Helveti took defensive stance on nearby mountain (this repositioning in order is a special game rule – a rare feat on barbarian side)
The final forces disposition at the end of withdrawal & repositioning.

Turn 3-4

Tulingi got pretty lucky with two momentums, closed on & mauled Legio VII, routing two cohorts.
Still, they were in return obliterated by cavalry flank attack.
Romans redressed lines & moved three legions towards Helveti (next to river).
Things are pretty close to final clash between Helveti and approaching legions.
Losses on both sides start to grow, with decisive advantage on Roman side.

Turn 5

Boi were tremendously successful in their charge (2 Cohorts eliminated) but taken between Legio VII and Cavalry, routed.
Legio VIII, IX & X started to cross the river. Caesar will surprise Helveti next turn and move first (Elite Commander).
“I am still standing” signed the Helveti chieftain. “Not for long”, thought Caesar. Let us see what will happen!

Turn 6

Legio VII and Cav finally crushed & routed Boi. That really was not an easy task.
And here it comes – Caesar with his elite commend surprises barbarians, and before they can charge downhill, he attacks. Losses are huge o both sides but in the end Helveti start to break.
In the meantime, during the cavalries skirmish, Legate P.Considius was killed. Both sides had pretty equal losses and no break-through was achieved.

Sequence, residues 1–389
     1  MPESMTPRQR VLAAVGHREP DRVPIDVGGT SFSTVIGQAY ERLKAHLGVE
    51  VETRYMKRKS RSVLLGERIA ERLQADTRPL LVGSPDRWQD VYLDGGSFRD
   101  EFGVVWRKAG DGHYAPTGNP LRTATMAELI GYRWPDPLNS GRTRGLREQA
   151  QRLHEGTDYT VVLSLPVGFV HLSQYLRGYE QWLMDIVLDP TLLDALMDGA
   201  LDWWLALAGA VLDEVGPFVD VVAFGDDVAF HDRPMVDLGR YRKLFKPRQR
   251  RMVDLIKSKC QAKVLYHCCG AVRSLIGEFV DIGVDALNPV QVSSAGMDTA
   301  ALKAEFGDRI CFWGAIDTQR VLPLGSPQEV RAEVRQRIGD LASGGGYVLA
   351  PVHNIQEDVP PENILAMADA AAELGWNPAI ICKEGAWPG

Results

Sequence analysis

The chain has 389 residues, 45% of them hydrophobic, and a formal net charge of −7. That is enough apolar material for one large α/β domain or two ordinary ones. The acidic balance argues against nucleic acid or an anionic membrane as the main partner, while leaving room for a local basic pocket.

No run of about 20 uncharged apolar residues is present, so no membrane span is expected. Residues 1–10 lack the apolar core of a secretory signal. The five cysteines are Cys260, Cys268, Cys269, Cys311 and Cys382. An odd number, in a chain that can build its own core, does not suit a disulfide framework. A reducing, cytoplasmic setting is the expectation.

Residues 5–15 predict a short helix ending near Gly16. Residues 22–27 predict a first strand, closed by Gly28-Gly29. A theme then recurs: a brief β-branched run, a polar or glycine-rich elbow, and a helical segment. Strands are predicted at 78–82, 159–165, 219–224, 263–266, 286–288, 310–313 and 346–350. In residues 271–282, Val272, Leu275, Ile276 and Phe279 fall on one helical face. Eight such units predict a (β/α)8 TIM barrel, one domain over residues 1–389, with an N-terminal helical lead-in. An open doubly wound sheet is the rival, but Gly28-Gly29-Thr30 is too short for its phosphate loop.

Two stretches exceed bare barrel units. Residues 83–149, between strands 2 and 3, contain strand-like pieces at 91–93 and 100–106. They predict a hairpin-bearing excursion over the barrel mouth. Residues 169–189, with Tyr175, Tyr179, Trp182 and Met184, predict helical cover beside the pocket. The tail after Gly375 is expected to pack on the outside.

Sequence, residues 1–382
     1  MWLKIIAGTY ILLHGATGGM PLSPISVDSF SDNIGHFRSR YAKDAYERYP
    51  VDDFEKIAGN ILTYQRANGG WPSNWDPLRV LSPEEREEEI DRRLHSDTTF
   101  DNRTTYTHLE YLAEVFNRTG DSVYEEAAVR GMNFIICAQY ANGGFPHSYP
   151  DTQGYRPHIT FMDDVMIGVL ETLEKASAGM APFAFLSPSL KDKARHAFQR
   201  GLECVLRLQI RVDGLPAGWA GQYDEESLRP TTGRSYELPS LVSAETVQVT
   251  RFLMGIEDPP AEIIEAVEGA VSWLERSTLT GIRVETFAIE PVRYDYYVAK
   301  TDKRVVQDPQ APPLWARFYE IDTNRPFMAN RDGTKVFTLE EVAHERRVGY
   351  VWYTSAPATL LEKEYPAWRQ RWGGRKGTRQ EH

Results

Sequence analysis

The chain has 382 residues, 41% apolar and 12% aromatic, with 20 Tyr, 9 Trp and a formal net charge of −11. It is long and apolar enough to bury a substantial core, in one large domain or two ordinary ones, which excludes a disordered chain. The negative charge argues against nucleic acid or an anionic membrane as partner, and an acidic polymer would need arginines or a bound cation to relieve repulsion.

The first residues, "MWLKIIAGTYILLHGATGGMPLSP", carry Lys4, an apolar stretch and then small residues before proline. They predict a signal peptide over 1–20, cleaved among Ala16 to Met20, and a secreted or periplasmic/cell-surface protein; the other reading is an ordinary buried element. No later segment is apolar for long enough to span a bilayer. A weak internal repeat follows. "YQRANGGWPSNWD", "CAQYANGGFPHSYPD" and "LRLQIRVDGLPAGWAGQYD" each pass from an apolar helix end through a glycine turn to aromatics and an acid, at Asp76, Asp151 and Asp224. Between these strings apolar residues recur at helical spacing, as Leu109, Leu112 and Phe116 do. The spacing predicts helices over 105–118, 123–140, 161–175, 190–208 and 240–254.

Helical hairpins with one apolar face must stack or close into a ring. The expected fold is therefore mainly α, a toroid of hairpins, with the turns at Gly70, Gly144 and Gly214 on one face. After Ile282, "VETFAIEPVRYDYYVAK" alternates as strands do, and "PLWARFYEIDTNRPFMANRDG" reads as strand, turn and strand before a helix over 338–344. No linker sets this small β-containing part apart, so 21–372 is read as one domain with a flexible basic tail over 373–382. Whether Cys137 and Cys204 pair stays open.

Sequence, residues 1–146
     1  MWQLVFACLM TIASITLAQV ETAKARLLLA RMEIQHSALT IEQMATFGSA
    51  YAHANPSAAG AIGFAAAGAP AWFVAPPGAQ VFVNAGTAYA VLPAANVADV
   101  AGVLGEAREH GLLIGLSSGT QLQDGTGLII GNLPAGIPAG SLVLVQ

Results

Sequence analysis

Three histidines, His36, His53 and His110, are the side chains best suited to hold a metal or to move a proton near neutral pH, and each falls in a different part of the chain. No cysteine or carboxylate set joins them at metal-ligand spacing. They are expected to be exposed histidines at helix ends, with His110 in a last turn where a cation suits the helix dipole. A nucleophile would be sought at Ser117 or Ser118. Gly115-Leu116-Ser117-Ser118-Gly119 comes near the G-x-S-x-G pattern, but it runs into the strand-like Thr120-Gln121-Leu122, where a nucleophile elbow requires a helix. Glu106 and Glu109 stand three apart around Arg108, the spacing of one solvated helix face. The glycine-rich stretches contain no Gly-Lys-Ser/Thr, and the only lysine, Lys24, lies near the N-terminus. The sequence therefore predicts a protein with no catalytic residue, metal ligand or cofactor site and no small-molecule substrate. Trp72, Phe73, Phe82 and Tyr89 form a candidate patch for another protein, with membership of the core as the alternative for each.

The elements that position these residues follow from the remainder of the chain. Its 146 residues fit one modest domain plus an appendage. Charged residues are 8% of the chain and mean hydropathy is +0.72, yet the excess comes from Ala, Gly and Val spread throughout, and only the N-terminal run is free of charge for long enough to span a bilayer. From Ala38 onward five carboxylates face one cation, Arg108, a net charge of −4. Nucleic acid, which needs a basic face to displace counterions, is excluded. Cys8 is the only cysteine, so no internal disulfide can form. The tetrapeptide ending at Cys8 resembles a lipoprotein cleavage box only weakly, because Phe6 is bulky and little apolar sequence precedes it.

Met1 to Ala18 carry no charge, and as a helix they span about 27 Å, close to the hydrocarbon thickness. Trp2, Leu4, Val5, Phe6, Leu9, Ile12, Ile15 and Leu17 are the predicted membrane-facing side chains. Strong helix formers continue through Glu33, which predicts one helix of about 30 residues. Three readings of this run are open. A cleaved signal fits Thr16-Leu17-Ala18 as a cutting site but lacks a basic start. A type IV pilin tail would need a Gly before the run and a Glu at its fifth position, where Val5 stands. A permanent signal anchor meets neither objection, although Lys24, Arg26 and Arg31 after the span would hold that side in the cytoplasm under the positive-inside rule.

Finally – Caesar said. After very hard and brutal fight legions managed to break through the Helveti lines and general Rout of barbarians started. The usual retreat slaughter commenced…


And now let us have a look at the situation at the end of the game:

Overview of the situation after the last turn.
After hard fight Romans prevailed 121 to 39 Rout Points vs Helveti. Both Boi and Tulingi were too crushed.

That was very enjoyable experience and interesting tactical challenge. Both the barbarian reinforcements (Boi & Tulingii) and orderly withdrawal special rule (for Helveti) makes this scenario very interesting and enjoyable. This is not simply a barbarian charge uphill which will be easily crushed, broken and routed – game over. No, this is a tactical challenge in which good planning is of essence.

Stay tuned for more such session reports!